Without a doubt, one of the most complex topics in all of construction law is construction liens. In general, the specifics of construction liens are covered under Chapter 713 of the Florida statutes. However, in today's post, the first in a series, we'll attempt to highlight a few essential points about this equitable device.
What is a construction lien?
Florida law dictates that those people that either enhance the property of a homeowner or provide the materials to accomplish this can file and enforce a claim -- known as a construction lien -- against the property in the event they are not paid-in-full for their services.
It should be noted that construction liens are a purely statutory creation, meaning they were not recognized at common law.
Under what circumstances would a construction lien be filed?
If the contractor in charge of the project does not pay the subcontractors or material suppliers, the injured parties can seek payment through the property itself. This is true even if the homeowner already paid the contractor in full.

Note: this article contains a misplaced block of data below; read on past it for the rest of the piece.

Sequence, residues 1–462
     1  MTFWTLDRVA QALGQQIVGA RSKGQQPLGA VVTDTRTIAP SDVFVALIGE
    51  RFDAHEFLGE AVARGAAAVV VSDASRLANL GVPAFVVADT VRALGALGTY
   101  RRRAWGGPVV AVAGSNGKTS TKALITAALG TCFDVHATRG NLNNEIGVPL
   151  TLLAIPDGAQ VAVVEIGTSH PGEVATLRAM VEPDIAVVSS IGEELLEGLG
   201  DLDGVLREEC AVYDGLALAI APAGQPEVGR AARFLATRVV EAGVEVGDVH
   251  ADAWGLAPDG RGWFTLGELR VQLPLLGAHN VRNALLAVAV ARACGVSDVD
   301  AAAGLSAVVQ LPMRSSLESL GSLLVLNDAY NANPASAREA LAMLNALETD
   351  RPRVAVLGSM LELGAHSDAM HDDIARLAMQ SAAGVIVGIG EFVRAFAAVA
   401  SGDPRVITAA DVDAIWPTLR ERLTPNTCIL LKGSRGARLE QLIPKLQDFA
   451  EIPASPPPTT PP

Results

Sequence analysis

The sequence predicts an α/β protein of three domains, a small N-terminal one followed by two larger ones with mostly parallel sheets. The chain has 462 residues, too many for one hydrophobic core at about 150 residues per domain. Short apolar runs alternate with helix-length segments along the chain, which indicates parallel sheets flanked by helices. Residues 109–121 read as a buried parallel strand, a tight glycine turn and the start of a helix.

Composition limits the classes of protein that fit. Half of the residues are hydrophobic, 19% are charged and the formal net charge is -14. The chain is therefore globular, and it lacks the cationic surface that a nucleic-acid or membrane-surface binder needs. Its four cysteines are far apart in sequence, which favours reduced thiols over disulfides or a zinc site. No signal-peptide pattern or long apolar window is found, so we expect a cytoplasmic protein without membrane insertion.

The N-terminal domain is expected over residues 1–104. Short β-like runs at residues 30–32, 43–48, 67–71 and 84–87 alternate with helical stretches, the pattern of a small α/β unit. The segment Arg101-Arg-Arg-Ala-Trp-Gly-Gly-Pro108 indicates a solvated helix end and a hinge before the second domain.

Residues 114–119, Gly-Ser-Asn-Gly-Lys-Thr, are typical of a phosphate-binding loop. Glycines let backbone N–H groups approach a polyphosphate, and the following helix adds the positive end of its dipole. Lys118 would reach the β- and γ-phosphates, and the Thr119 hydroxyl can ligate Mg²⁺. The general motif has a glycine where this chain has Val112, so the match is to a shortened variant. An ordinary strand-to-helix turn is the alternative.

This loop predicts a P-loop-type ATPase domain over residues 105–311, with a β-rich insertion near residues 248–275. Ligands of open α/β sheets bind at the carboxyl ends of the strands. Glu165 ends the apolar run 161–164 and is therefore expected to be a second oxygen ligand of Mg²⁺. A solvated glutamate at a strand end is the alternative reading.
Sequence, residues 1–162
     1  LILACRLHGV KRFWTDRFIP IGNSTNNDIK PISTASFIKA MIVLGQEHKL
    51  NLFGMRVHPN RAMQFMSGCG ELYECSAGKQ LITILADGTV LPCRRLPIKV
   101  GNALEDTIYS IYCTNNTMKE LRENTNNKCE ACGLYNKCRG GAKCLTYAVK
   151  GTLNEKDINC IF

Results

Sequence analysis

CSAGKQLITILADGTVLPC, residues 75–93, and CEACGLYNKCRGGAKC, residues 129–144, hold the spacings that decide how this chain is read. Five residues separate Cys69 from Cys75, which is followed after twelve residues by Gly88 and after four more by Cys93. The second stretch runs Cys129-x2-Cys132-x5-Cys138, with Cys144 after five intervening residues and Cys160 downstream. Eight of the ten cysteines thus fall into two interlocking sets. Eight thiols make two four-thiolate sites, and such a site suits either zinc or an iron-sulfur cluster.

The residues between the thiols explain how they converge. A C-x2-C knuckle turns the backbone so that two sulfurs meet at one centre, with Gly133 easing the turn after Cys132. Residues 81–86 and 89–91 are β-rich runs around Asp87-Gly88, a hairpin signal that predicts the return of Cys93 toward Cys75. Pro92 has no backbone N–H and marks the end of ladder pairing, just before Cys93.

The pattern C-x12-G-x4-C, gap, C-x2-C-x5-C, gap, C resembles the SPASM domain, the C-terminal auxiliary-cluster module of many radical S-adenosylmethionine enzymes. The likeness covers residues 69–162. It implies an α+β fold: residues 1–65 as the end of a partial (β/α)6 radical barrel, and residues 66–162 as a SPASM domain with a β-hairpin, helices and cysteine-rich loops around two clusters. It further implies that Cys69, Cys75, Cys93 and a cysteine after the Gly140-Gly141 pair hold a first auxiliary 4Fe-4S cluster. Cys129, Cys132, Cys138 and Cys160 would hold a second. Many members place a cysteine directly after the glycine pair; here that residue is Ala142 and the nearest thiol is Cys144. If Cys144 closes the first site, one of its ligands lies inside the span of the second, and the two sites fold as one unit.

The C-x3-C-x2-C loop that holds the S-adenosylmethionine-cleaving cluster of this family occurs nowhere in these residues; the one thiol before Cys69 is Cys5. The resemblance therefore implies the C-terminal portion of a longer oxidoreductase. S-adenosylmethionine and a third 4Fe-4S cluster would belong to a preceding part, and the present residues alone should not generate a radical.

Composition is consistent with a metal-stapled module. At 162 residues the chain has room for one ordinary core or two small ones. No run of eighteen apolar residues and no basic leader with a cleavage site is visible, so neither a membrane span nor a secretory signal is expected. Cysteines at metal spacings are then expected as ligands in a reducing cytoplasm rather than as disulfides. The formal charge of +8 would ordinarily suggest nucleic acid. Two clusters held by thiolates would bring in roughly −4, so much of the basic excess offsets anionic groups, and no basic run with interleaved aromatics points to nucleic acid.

What parties can file a construction lien?
There are many parties that can file a construction lien against a property, including architects, contractors, engineers, interior designers, laborers, landscape architects, land surveyors, materials suppliers and subcontractors to name only a few.
What could be the result of a construction lien?
In the event a construction lien is filed, the homeowner will typically be unable to proceed with a sale of the property until such time as all outstanding liens are paid off. Furthermore, the property could even be sold against the homeowner's will to cover the costs of the lien.
In future posts, we'll continue to explore this rather complex topic, including the purposes served by releases of lien.
Source: City of Fort Lauderdale, "Florida's construction lien law," August 2014; The Florida Senate, "Review of the Florida construction law," October 2008